If you have to have a fire in an aircraft, electrical may be the least dangerous type to have. The vast majority of fires in little airplanes are electrical in nature, and that often translates to self-extinguishing.
Fires in flight are extremely rare, especially on piston-powered, general aviation aircraft. NTSB has precious few statistics about the problem. If the fire is a result of old or poor wiring, as in my classic Bellanca, and doesn't bring the airplane down, the damage is often repaired in a short time, and the problem isn't reported. If the airplane crashes and is consumed by fire, it may be difficult to determine the source, so once again, inflight fire stats are sketchy.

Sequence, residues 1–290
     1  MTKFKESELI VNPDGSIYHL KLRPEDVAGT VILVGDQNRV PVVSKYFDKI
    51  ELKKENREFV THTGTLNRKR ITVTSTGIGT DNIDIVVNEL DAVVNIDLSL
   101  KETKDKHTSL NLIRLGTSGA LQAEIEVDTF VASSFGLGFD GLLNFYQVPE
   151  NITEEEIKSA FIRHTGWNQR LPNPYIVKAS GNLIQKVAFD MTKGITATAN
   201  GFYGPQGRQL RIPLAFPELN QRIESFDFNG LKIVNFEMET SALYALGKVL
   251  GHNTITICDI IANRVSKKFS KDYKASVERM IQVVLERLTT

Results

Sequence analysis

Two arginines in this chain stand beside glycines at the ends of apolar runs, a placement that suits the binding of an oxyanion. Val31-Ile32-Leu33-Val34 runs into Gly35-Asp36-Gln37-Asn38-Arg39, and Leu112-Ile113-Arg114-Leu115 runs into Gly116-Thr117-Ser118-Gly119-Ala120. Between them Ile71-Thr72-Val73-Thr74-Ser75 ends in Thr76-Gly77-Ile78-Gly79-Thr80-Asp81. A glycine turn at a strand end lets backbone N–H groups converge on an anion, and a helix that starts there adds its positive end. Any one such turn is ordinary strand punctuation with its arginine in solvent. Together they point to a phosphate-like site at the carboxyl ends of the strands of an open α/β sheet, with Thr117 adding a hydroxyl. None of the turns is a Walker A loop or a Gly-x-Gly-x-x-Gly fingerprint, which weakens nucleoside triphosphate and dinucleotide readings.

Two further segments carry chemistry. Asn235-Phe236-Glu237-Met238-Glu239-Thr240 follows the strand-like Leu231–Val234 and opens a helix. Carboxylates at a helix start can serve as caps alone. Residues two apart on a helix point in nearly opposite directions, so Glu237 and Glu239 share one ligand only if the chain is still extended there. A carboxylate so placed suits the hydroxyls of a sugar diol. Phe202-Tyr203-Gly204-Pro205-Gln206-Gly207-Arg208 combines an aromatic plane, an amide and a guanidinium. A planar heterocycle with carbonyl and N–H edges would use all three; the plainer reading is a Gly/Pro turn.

Another fire source that may not be so easily controlled but can be almost totally prevented is one caused by a cigarette. An airplane, any airplane, is a poor place for cigarettes, and that's one reason the airlines banned anything that produces an open flame years ago. What you allow in your personal aircraft is up to you, but there's a tongue-in-cheek placard that most of us endorse wholeheartedly, "If you must smoke, please step outside."
Two good friends, brothers and fellow members of a flying club, were flying their airplanes to the Colorado River for a weekend of boating. Both were good formation pilots, and Ed's Bellanca Viking was snuggled up 20 feet out on the wing of Dewey's Bonanza. Dewey looked away for five seconds to check a chart, and when he glanced back, Ed was nowhere to be seen. Dewey looked around frantically, finally dropped his wing, and saw Ed in a screaming dive toward the Mojave Desert two miles below.